The features on this EcoSeb dehumidifier compare favorably to those features you should look for in a basement dehumidifier which we outlined above. The DD122EA- Classic doesn’t need a defrost mode (and doesn’t feature one) as frost buildup isn’t a problem on this type of dehumidifier. It has a well above average operating temperature range of 34 to 104° F. It does feature gravity drainage functionality but does not come equipped with a built-in pump. Its water tank is small but this disadvantage is offset by the fact that for one, if you’re using it in your basement you’ll probably drain it using gravity in which case tank size is a moot point and two, it’s daily moisture removal rate is only 15 pints per day. Although we would have liked to have seen it come equipped with a larger tank, we can’t argue against the fact that its small water tank is appropriately sized for its low moisture removal rate. Its small tank size also keeps the overall form factor small and makes this unit highly portable (this dehumidifier is much smaller and lighter than even the smallest capacity compressor based units). Finally, this unit comes equipped with all of the settings you’d want on a basement dehumidifier – it automatically restarts after power failures, features three different timer settings, and comes equipped with not one, but two different continuous settings – a full power “maximum moisture removal” setting and a lower power continuous setting. For our full review of this unit click here. For pricing on this unit see below.
Compressor Dehumidifier Recommendations
>>for basements warmer than 50° F
We just saw that desiccant dehumidifiers have the following advantages over compressor based units at lower temperatures:
1. Consistent moisture removal rate – a desiccant dehumidifier removes just as much moisture at lower temperatures as it does at higher temperatures.
2. No frost build up – you’ll never have to worry about frost building up on a desiccant dehumidifier. A compressor based unit will start forming frost on its evaporator coils at temperatures as high as 65° F.
3. A larger manufacturer specified operating temperature range – the range for the DD122EA- Classic, for example, is 34 to 104° F while most compressor based units can’t be operated in temperatures below 41° F.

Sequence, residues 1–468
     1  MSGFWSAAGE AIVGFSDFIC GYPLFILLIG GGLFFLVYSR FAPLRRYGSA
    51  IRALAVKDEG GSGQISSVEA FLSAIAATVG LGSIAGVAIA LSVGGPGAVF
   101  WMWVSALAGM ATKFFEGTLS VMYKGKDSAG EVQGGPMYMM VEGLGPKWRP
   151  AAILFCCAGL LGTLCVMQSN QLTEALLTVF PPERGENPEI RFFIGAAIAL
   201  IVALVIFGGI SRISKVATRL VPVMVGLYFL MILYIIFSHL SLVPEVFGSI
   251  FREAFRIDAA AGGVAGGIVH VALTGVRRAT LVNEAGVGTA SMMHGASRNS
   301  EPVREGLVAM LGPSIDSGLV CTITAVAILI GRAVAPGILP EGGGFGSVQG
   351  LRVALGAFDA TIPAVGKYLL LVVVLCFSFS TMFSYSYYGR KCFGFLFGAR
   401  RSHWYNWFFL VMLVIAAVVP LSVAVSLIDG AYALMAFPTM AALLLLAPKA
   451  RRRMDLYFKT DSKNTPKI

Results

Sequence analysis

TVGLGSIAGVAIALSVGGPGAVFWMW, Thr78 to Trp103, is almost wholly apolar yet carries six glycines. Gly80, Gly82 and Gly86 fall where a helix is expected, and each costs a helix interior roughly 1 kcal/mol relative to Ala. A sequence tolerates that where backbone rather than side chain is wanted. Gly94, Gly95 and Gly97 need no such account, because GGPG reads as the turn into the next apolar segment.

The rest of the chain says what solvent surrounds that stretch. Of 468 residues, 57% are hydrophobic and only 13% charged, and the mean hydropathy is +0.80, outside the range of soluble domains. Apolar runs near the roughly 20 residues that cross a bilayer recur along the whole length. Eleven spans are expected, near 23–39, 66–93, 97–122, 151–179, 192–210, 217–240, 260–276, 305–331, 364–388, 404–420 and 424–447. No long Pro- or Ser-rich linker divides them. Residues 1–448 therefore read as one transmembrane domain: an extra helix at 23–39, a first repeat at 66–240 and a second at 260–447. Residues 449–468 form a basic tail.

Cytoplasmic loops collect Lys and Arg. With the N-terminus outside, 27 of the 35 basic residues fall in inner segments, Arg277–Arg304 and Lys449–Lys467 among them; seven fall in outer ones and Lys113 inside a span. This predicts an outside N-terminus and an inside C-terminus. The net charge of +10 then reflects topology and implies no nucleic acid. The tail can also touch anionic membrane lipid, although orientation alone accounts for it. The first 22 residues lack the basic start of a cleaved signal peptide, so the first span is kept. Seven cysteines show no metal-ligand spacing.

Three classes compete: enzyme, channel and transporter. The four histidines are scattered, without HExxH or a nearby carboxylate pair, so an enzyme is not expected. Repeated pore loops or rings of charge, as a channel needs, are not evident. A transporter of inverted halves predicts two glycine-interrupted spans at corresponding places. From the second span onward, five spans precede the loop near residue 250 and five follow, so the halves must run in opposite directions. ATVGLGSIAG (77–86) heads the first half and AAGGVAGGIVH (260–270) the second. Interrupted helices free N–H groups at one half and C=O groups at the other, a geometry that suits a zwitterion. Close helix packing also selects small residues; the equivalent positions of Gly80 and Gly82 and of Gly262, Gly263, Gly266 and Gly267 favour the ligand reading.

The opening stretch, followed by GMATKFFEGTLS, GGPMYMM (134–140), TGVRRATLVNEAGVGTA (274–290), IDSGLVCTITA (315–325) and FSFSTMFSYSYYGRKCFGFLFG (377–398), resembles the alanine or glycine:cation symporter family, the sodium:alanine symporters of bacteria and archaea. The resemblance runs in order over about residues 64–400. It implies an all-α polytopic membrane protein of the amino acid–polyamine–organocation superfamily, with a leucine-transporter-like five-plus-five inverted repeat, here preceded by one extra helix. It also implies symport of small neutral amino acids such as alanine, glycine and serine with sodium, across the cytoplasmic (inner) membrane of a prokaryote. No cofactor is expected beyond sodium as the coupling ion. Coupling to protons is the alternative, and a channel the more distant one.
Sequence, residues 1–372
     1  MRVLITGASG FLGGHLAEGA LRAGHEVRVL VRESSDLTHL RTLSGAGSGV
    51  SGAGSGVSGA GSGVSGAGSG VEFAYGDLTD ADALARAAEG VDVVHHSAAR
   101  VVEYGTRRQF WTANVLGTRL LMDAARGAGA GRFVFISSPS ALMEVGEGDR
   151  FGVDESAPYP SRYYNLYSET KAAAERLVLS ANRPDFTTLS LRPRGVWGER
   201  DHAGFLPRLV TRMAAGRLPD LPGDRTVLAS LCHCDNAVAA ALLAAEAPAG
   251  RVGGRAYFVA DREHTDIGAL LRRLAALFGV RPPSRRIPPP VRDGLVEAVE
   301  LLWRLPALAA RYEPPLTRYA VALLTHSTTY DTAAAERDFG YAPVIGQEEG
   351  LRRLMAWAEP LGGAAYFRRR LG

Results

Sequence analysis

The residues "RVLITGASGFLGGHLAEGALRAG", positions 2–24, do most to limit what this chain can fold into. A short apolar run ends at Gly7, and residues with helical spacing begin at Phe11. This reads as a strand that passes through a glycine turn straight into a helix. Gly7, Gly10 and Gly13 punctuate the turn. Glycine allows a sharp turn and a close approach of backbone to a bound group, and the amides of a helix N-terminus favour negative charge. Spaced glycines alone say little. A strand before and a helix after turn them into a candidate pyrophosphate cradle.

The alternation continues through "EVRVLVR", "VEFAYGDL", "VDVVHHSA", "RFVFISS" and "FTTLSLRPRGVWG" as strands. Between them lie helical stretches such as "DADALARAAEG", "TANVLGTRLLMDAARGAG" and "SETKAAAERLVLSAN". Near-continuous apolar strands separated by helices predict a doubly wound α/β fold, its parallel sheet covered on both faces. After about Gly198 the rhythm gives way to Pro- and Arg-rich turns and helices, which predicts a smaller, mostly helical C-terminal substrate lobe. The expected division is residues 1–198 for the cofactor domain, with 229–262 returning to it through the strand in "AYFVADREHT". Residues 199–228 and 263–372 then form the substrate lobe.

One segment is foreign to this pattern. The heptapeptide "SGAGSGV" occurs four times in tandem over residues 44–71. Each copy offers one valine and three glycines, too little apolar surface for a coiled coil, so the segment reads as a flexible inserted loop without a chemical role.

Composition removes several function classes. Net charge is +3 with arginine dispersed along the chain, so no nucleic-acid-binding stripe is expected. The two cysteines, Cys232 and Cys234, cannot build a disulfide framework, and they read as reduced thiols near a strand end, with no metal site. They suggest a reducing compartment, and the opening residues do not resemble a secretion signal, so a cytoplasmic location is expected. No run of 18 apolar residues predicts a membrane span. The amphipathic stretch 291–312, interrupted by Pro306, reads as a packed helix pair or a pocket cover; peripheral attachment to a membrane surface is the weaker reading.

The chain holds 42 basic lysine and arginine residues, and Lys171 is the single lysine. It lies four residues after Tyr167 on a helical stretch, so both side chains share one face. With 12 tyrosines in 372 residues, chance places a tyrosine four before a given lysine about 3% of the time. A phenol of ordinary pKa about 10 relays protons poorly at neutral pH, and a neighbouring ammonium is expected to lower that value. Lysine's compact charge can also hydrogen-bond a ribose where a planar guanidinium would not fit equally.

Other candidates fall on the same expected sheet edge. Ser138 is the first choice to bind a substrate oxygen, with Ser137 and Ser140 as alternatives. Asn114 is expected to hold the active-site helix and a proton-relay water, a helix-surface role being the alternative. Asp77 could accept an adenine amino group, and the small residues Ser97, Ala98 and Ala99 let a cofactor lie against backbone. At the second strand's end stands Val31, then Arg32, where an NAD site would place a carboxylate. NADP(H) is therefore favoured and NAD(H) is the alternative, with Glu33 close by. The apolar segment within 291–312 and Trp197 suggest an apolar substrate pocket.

However, they have one major disadvantage compared to compressor based units:
1. Lower moisture removal rate – only at temperatures below 50° F and especially below 40° F does a full size desiccant dehumidifier such as the DD122EA- Classic remove more moisture per day than a similarly priced 70 pint compressor based dehumidifier.
This one disadvantage is the only reason we need to recommend a compressor based dehumidifier over a desiccant unit for basements consistently warmer than 50° F. A dehumidifier should first and foremost dehumidify and a compressor based unit simply does this better (removes more moisture) than a comparable desiccant unit at temperatures above 50° F.
How Compressor Based Dehumidifiers Work (and how this impacts our recommendations)
Compressor based dehumidifiers remove moisture from the air by condensation. This process requires of the moisture in the air (that needs to be dehumidified) to change state from a vapor to a liquid. Because the dehumidification process involves liquid water, frost can build up inside of a compressor dehumidifier at temperatures below 65° F. For this same reason (the fact that condensation facilitates dehumidification) compressor dehumidifiers are also much less efficient at lower temperatures and lower humidity levels than they are at higher temperatures and higher humidity levels (see here for more information on this phenomenon). A 70 pint dehumidifier removes 70 pints of humidity at 80° F and 60% RH (relative humidity). However, at lower temperatures and lower humidity levels it removes a fraction as much moisture from the air per day.
While we don’t have specific data for 70 pint consumer grade dehumidifiers, we do have such data for commercial grade compressor based dehumidifiers manufactured by a company called Dri-Eaz (thank you Dri-Eaz for making this data readily available). The Dri-Eaz LGR 2800i removes a whopping 200 pints per day at 90° F and 90% RH. At 80° F and 60% RH the same dehumidifier removes only 130 pints per day. At 80° F and 20% RH this (approx.) $2800 commercial grade dehumidifier can only remove 20 pints of moisture per day. Clearly, temperature and humidity levels have a dramatic impact on the efficiency of any compressor based dehumidifier.
That being said, even at lower temperatures operating at lower efficiency, a 70 pint compressor dehumidifier will still remove more moisture from the air per day than most full size desiccant units (including the DD122EA- Classic which we recommend above). This is true only because most desiccant units have such a low capacity to begin with. The most heavy duty consumer grade full size desiccant dehumidifiers we could find, the (approx.) $340 EcoSeb DD322EA- Classic and (approx.) $280 DD122EA-SIMPLE, both only remove 21 pints of moisture per day. While a 70 pint compressor based unit has drastically reduced efficiency at lower temperatures, it still removes more than 21 pints of moisture per day at these lower temperatures. Only at temperatures below 50° F and especially below 40° F will the efficiency of a 70 pint compressor based dehumidifier be so drastically reduced that it can no longer keep up with a much smaller capacity desiccant dehumidifier. Hence, why we make the cut-off for our recommendation at 50° F.